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Clemency Pogue: The Hobgoblin Proxy by JT Petty, illustrations by Will Davis, 154 pp, RL 4

With the tales of Clemency Pogue, JT Petty does for fairy lore what Micheal Buckley and his Sisters Grimm series do for the province of fairy tales. Both authors bring innovative, absurdly creative, wickedly funny plots and characters to the genre while infusing their stories with contemporary twists and moments of humanity and compassion. The metaphor laden language of the Hobgoblin, Chaphesmeeso and the hilarious situations he and Clemency end up with will make you laugh out loud and stick in your mind like the cold molasses Inky eats by the fingerful during his long, lonely nights. And, among other word play and double entendres, there is a great bit about Clem stubbing her toe on an Ottoman as well as an ottoman...

In Clemency Pogue: Fairy Killer, Petty began weaving his fairy mythology. According to Petty, it turns out that JM Barrie knew what he was talking about. If a child says, out loud, that s/he does not believe in fairies, then a fairy dies every time the child utters this (mis)belief. Mercilessly tormented by the Fairy of Frequent and Painful Pointless Antagonism, Clem saves herself the only way she knows how and unwittingly knocks off six other fairies in the doing. This leads to her encounter with a hobgoblin who, when she unknowingly speaks his name (Chaphesmeeso) is henceforth obligated be come at her beck and call. Fortunately, Chaphe has a grudging fondness for Clem, while she openly adores and respects him. Which is good. In Clemency Pogue: The Hobgoblin Proxy, beset by boredom, she gets to know a bit more about hobgoblins and goblins than she may have bargained for. Clem's boredom is alleviated by the arrival of a litter of Boxer puppies belonging to her parents' employer. The puppies need sitting and docking until they can be sent home with their new owners. This plot thread makes for some truly uncomfortable moments as Mr Pogue sharpens his scissors and goes about his task. However, it all happens off the page and it turns out that he only has the heart to take care of the tails. When he is unable to complete the task he loses his job. But, he does return home with Clem's favorite puppy in the litter, the one she named Henry. Unfortunately, Henry is at death's door. As Chaphe says, he is one sick puppy.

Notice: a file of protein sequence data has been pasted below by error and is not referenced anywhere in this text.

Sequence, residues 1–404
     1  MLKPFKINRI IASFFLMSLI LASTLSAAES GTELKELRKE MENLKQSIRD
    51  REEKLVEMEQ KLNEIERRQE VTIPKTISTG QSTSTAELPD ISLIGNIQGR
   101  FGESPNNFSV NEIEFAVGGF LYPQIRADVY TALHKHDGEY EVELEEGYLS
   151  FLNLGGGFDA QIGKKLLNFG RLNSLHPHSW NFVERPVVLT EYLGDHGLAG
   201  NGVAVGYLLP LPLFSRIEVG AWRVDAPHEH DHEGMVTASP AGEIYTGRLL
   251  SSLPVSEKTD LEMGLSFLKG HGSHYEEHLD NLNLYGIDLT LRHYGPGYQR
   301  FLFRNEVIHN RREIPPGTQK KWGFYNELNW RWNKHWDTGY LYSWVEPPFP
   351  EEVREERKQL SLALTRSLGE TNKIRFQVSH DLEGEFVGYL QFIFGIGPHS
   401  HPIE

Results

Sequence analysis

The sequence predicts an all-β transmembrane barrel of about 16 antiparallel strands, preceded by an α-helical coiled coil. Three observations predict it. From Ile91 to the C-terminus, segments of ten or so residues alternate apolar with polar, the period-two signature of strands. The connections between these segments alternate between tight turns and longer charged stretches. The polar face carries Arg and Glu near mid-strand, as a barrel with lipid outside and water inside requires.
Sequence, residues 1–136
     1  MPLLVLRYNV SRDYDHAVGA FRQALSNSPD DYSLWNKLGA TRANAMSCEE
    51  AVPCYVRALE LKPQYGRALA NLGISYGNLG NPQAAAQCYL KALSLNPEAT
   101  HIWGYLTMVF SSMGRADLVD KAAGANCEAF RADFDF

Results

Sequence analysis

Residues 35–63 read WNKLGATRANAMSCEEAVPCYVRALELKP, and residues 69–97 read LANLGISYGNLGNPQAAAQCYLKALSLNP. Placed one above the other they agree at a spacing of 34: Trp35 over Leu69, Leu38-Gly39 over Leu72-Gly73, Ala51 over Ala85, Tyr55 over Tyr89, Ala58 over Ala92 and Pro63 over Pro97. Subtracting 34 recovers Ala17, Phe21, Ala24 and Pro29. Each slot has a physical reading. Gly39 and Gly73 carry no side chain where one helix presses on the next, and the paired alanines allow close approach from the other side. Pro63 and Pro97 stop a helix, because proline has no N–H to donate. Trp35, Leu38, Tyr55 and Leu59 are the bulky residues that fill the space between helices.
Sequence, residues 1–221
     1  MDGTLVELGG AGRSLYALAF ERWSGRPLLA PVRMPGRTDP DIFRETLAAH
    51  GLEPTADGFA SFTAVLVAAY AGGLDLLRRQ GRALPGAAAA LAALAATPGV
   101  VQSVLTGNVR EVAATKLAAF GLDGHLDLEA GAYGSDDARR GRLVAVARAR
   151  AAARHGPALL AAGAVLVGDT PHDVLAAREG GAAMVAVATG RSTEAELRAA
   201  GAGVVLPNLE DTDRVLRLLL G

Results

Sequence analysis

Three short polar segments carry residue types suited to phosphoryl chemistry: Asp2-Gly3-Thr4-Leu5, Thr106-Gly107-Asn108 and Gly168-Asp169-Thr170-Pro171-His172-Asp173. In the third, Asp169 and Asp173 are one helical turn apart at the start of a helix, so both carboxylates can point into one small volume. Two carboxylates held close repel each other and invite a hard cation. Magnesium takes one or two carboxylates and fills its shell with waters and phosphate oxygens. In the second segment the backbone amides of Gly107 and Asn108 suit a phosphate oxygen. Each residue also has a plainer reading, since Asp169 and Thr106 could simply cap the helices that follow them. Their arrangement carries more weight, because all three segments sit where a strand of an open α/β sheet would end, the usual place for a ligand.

In another odd twist, Clem decides to give the six puppy dog tails a proper burial. As she is tossing the first shovelful of dirt into the grave, she notices one of the tails wiggling. She takes them home and, keeping them a secret, feeds them droppersful of her unbearably sweet, bubbly tea of sassafras root, dubbed "root beer" by her father. When it seems like Henry truly will die, despite Clem's best efforts, she breaks down and calls upon Chaphesmeeso, whom she has been trying to leave to his hobgoblin business. Chaphe arrives with a friend, of sorts. Kennethurchin is not a boy or a goblin. As Chaphe says, he is, "Half of each but less than both combined. And until he chooses, he's my bird's armpit." Kennethurchin, gentle and loving creature that he is whispers to Clem, "He mean's he's taken me under his wing. It's really rather clever." Clemency and Chaphe leave Kennethurchin behind to tend to Henry and the tails so that they can obtain the services of the Fairy of Sick Puppies, a task which requires they free her from the sick puppy in New York City that she is currently occupied with. The scene that follows is a very funny play on words in more ways than one but, alas, they do not reach Henry in time. The puppy and his tail have expired.